We were so excited to premiere the incredible artwork from local artist Jonathan Busch on the cover of our 2019/2020 Annual Report. This was a very special project spearheaded by Manager of Shelters Tessa Mulcair.
Hear more from Tessa on her aim for this project, get to know Jonathan, and learn how this collaboration created some incredible artwork!
Our youth are incredibly diverse in so many ways, they represent many cultures, races, religions, sexual orientations, gender expressions, and different neuro and physical abilities. When youth who are experiencing trauma are looking for support it can difficult for them to know where they will be accepted. I wanted to have some artwork created that could signal to youth that they will be accepted at YESS, that these diversities would never be a barrier to getting the support that they need from us.
I have had the pleasure of being a judge for an annual YESS fundraiser drag competition that Jonathan has organized, and through that have become acquainted with his incredible art. I was drawn to having Jonathan do the art for our youth because the portraits he does have a modern edginess to the them and manage to reflect emotion and mood authentically. I was not disappointed! The art he created for YESS captures not just the diversity of our youth but the spirit and individuality is reflected so well. From the pensive gaze to the all out sass, and many expressions in between.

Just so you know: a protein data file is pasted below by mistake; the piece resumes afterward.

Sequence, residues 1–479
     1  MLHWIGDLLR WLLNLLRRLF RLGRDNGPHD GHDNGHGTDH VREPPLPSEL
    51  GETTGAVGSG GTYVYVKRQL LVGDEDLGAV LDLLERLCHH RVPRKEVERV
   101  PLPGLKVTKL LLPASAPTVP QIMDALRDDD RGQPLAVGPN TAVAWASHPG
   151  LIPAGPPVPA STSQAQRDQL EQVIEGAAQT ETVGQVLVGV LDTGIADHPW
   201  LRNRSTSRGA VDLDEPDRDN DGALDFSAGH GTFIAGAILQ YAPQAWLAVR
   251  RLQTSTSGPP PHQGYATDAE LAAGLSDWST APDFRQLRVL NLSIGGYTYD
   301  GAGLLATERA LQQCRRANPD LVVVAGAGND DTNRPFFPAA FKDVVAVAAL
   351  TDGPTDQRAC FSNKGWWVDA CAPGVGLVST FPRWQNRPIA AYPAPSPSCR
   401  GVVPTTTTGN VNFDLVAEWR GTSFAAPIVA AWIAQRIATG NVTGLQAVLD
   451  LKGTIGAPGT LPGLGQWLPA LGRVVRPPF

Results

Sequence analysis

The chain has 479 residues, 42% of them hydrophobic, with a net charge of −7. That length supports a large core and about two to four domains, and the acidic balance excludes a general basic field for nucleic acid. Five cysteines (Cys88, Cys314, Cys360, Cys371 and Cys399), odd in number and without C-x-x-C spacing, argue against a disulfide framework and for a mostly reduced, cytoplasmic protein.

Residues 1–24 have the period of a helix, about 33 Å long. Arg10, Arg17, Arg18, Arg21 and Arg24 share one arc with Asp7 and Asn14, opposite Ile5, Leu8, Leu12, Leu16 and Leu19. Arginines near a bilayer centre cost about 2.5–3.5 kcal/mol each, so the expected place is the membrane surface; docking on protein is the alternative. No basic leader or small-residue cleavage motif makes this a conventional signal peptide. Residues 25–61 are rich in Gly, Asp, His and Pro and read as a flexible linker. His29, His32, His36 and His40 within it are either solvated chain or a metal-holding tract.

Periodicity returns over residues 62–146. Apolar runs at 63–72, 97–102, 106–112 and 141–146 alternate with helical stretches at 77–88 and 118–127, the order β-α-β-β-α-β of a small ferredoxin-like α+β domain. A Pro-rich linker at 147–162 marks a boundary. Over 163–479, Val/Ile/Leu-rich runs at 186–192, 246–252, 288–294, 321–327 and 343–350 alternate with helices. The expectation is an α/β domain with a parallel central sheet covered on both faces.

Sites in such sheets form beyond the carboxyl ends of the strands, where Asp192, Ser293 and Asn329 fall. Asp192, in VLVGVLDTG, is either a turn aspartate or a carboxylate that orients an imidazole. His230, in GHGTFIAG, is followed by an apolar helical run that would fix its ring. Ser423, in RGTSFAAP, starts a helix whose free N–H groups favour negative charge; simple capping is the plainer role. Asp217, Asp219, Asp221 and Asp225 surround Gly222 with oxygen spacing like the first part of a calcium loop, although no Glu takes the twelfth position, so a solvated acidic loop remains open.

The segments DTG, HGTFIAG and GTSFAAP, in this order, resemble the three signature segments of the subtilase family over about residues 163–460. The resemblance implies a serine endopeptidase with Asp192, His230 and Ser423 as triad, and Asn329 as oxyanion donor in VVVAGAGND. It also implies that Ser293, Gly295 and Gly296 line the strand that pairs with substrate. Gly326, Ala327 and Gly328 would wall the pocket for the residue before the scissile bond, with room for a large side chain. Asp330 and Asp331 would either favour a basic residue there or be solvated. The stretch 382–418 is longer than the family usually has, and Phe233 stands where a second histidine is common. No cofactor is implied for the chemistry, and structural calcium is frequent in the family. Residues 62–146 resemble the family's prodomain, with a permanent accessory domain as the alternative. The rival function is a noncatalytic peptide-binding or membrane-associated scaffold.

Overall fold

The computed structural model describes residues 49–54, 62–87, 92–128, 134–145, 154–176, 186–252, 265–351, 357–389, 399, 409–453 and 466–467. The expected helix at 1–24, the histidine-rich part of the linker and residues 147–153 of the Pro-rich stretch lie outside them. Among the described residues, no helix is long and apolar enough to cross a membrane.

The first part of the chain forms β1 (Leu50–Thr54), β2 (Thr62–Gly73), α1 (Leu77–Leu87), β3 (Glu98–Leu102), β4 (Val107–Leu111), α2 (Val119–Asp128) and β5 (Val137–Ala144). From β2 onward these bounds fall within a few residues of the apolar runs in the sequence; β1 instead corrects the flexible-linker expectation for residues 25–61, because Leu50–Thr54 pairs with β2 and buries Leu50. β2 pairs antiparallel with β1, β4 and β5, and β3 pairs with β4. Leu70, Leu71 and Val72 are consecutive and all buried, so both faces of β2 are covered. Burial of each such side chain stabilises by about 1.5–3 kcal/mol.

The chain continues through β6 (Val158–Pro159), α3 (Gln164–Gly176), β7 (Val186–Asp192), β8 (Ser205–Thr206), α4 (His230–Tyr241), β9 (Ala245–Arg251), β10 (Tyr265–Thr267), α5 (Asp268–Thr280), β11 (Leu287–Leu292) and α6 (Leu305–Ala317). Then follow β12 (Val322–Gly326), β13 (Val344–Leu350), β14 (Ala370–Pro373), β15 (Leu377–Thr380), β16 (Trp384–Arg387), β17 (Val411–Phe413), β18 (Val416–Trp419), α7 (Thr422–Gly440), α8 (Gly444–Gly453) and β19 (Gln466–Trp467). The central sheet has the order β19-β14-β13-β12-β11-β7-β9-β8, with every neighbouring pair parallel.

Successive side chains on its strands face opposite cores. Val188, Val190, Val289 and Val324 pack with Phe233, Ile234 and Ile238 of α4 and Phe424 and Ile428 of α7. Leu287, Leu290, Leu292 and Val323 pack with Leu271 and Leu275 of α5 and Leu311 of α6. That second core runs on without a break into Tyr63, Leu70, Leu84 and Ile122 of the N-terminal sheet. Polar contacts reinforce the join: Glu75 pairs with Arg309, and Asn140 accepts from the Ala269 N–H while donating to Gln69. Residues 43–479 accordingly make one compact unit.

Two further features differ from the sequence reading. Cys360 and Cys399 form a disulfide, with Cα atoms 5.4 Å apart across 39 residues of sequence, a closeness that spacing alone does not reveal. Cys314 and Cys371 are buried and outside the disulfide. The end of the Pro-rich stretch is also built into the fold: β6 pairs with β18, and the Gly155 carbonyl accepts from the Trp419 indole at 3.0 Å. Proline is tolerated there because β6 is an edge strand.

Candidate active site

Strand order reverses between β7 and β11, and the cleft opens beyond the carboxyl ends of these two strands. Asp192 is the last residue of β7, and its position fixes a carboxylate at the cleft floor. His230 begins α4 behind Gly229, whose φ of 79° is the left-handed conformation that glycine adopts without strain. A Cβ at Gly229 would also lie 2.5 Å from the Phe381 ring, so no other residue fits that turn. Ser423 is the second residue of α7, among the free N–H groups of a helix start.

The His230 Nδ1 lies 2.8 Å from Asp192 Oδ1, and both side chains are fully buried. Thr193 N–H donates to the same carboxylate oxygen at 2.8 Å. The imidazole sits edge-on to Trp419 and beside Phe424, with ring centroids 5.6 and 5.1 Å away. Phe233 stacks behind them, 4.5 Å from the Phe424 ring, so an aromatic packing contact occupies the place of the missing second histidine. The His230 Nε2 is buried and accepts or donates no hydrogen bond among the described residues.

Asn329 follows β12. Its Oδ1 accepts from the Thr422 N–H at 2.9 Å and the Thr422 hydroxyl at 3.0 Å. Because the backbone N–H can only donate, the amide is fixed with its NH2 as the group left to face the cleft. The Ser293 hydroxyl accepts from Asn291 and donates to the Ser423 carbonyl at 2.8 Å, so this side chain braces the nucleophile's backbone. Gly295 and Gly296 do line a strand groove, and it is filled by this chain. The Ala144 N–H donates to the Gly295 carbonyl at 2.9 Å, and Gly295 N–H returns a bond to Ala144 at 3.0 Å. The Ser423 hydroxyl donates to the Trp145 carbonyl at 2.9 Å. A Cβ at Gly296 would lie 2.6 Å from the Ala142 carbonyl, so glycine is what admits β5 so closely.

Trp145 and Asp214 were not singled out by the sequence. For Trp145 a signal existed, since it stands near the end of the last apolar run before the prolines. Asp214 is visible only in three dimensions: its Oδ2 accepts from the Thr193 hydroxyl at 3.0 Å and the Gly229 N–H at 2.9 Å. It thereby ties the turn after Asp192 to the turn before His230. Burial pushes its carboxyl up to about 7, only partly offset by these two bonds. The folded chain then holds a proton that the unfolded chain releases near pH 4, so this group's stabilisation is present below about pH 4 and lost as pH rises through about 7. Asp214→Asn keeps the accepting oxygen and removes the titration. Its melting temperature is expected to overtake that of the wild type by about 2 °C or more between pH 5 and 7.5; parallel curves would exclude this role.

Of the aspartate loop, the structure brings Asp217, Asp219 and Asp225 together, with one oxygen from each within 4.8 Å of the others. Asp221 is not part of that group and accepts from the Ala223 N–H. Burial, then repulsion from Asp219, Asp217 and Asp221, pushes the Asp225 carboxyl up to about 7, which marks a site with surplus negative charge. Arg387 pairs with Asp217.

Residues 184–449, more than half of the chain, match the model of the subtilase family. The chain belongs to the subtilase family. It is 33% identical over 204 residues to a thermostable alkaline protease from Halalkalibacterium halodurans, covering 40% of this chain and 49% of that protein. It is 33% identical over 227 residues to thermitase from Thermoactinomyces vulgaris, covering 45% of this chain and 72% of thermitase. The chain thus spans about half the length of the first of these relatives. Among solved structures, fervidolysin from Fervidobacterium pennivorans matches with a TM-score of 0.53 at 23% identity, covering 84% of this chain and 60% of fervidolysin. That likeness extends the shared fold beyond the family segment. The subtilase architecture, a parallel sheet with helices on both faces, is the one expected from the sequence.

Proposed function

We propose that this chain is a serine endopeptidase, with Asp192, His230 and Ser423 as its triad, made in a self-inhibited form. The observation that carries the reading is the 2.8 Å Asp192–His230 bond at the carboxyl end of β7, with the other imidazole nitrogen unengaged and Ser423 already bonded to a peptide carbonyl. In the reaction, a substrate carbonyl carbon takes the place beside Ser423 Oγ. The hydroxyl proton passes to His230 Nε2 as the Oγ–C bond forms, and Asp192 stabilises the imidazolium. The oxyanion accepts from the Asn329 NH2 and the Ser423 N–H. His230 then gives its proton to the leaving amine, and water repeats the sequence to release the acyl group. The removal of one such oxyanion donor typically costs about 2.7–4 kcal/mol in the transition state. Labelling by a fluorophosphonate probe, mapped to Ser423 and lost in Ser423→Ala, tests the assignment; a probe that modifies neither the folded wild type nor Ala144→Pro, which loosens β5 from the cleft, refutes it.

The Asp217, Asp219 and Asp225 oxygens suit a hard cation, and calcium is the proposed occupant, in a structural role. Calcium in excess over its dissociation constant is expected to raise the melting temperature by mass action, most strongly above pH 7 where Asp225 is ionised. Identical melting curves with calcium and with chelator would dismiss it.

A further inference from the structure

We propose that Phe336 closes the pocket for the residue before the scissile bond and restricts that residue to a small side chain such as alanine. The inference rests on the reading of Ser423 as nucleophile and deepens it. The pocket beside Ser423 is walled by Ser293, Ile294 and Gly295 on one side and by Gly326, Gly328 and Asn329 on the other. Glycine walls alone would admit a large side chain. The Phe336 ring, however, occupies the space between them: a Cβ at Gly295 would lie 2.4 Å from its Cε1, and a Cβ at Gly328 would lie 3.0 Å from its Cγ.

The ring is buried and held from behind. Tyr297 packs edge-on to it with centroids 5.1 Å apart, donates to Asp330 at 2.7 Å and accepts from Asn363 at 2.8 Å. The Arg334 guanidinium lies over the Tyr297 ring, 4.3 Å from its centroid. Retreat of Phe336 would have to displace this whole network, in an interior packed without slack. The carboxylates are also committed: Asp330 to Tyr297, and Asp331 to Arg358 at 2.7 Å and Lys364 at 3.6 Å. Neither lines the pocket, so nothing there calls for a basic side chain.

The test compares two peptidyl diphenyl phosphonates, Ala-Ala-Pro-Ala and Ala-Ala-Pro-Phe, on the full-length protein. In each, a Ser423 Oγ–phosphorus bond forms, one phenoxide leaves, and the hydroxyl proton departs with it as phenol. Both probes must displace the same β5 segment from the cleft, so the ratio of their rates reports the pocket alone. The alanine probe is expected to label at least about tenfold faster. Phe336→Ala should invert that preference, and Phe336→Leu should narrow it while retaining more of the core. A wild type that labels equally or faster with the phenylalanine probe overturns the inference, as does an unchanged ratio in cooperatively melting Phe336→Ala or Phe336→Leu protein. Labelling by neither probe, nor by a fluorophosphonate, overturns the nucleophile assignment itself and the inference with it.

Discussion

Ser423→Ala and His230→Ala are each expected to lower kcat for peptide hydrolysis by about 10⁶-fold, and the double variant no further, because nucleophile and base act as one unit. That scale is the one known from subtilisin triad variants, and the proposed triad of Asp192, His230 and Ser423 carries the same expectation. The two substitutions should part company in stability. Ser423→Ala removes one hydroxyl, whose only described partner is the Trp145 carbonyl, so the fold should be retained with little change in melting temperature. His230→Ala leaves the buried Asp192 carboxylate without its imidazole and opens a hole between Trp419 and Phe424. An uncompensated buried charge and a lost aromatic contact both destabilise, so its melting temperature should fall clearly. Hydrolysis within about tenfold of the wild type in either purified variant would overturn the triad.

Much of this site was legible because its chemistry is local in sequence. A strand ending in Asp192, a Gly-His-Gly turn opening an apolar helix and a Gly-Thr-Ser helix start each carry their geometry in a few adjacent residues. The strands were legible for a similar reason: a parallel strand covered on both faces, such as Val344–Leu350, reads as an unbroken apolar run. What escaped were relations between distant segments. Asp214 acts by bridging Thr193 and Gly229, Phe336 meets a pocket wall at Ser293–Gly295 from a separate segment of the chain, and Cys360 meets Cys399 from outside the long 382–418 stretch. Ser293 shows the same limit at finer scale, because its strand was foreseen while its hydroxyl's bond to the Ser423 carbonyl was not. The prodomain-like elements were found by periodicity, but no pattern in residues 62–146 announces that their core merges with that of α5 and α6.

Get to Know Artist Jonathan Busch
Tell us a bit about yourself!
I’m a queer artist, drag queen, and public library employee, born and raised in Saskatchewan. I make digital art, mostly portraits but other stuff, which I like to share online, also on t-shirts, fridge magnets, stickers, and other kinds of homemade merch. I also do commissioned artworks for a variety of clients. I have two cats.
What was the vision and collaboration behind the new YESS artwork?
Tessa approached me about creating an artwork for the YESS Facebook banner, and I was definitely on board. It was all her vision and also general design, which cohered very well with my style of work.
She and I had also collaborated on a fundraiser for YESS, a drag competition called Mz. Arthaus, which I organized and hosted. To be honest, the project came about more or less because I wanted to host my own competition-style event, and often such events make great fundraisers. A chance conversation with Tessa led me to want to raise funds for YESS, which I had heard of through various channels. It seemed like a perfectly suitable choice because I see drag events as opportunities to inspire and empower others through creativity and to build each other up with self expression. There seems to be a shared interest there.
What is something you wish the community knew about YESS youth?
I guess I just wish people knew that the YESS youth exist, and that YESS itself exists to help provide the empowerment and support that all young people require and deserve to flourish in their lives and society, that it’s going into building a better world.